It’s been said time and time again, but I think that’s for a good reason – it’s true.
The Pac-12 is a mess.
And “mess” is a bit of an understatement. There are plenty of more accurate, vulgar descriptions of the situation all over social media.
This has almost nothing to do with the Pac-12 garnering just four wins in March Madness over the past two years – two of which belong to this year’s Oregon squad – nor does it have anything to do with the conference’s 4-12 record in bowl games during that span.
The Pac-12’s recent struggles in revenue sports are historically rare, but that is not the root of the organization’s problems. For me, the best representation of the mayhem was the series between No. 1 UCLA baseball and then-No. 2 Stanford this weekend.
The two highest-ranked teams in the nation faced off in the regular season for the first time since 2016 and for just the 13th time since Baseball America started its rankings in 1980. It has been deemed “The Showdown Out West” and it very well could be a preview of a Super Regional or College World Series matchup.
What was the Pac-12 Networks’ plan for coverage of the series?
There wasn’t one. West Coast baseball fans tuning in for Friday’s game would have instead seen a re-airing of a women’s lacrosse game.
None of the series’ three games were televised on the conference’s flagship network, the project that Pac-12 commissioner Larry Scott was adamant would be the Pac-12’s first step towards becoming a powerful media mogul. Scott has tripped up time and time again – highlighted best in The Oregonian’s John Canzano’s in-depth, awarding-winning investigative series this fall – but I’ll try to hit some of the major points here.
Scott has said he wants to turn the Pac-12 into a media company, electing to turn down ESPN’s offer to run the Pac-12 Networks in favor of an independently-run entity. An entity that is not available nationwide, and one that is not available to DirecTV or Verizon Fios customers.
The NCAA, as a whole, seems to have constant problems in terms of televising nonrevenue sports. UCLA gymnastics broke the 198-point mark en route to an NCAA Regional victory in Ann Arbor, Michigan, on Saturday, but the event was not on television.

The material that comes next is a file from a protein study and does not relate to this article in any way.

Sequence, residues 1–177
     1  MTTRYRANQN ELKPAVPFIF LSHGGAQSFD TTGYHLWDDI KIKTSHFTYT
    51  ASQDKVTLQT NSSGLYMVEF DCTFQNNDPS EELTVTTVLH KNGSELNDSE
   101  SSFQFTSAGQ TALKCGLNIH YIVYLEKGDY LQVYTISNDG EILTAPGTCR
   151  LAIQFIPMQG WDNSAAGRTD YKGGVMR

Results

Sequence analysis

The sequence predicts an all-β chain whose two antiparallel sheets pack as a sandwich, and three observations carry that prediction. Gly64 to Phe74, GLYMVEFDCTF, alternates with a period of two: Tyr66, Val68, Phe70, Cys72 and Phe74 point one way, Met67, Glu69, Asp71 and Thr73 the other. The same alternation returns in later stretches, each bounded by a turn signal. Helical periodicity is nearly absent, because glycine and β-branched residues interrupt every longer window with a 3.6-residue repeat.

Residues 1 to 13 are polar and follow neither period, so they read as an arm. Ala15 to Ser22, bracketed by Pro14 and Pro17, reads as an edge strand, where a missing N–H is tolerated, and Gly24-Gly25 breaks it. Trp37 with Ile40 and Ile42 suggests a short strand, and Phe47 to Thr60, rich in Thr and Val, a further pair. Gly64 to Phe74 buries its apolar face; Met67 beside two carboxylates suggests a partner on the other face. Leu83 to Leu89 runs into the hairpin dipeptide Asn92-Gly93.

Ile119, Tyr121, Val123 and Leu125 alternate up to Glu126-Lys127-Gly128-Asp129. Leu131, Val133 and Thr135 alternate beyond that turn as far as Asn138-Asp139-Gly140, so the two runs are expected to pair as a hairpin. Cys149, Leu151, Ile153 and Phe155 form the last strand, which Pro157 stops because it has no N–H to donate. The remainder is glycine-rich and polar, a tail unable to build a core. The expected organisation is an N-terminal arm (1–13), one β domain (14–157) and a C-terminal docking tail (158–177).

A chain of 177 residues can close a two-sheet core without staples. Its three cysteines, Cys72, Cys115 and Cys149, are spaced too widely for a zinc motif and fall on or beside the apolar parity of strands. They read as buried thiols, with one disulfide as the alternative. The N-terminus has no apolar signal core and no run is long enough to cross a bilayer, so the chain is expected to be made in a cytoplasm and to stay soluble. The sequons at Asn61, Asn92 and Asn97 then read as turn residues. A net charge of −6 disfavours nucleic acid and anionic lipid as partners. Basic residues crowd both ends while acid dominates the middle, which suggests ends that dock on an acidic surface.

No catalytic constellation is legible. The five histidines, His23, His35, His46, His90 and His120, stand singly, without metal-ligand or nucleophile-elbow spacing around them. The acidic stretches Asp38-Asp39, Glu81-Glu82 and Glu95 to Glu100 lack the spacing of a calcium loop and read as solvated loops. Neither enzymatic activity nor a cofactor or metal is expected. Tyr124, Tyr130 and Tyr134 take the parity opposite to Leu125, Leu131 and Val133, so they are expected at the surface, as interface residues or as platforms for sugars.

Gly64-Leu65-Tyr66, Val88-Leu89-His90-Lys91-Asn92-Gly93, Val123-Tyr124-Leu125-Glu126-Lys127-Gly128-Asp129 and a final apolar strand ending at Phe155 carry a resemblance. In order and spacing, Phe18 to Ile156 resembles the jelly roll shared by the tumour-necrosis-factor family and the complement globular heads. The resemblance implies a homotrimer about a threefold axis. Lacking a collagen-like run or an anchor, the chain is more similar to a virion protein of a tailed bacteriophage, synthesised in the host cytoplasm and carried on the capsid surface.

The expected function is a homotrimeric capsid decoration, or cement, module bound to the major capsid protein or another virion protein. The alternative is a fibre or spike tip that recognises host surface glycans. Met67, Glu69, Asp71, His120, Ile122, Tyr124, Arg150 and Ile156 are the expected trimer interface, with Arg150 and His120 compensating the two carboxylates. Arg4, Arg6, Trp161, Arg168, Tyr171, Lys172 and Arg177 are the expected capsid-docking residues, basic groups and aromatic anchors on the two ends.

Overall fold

Sports like baseball, gymnastics and softball are becoming increasingly important to UCLA students, considering their growing appeal and consistent success. All three teams are in the running for national titles, and gymnastics put up similar attendance numbers to the men’s basketball team it shares Pauley Pavilion with – and that’s with the lower level baseline seats typically closed off.
But the Pac-12 makes it difficult for its biggest fans to support their teams, hindering their growth and alienating its new biggest assets.
So while blacking out the smaller sports is keeping the Pac-12 from reaching its full potential, Scott’s financial oversights on the bigger stage are costing the company millions.
The conference dished out $31 million to each of its members, 19% less than the Big Ten – which has 14 schools – and 32% less than the SEC – which is also made up of 14 schools. The new Pac-12 headquarters is in San Francisco, one of the most expensive real estate markets in the world. Scott’s salary of $4.8 million is higher than any Pac-12 football coach or fellow Power Five conference commissioner.
Scott and the Pac-12 schedule more late-night Thursday and Friday football games than any other major conference. An investigation into the conference’s replay review system uncovered that the league’s general counsel Woodie Dixon – who was not a trained official or replay expert – had called in to referees at the Sept. 21 USC-Washington State game to overturn a correct targeting call against the Trojans.
Wherever you turn, you find a new avenue that the Pac-12 has utilized to hemorrhage cash, fall into corruption or just simply exist in a perpetual state of ignorance.
It all starts at the top, with a misguided former Harvard tennis player leading the way. UCLA may be having its own administration problems within its athletic department at the moment – with the Varsity Blues scandal and messy men’s basketball coaching search making headlines – but the mismanagement of West Coast collegiate sports goes even higher.
The Pac-12’s mishaps are both grand and minute, and the extent of the problems and possible solutions is too widespread to discuss in full detail here, which is why I implore every sports fan to read Canzano’s entire series on the issue.
From ill-informed financial decisions to the poor management of sports of every shape and size, Scott and the Pac-12 are driving the Conference of Champions into the ground.
Sorry Bill Walton.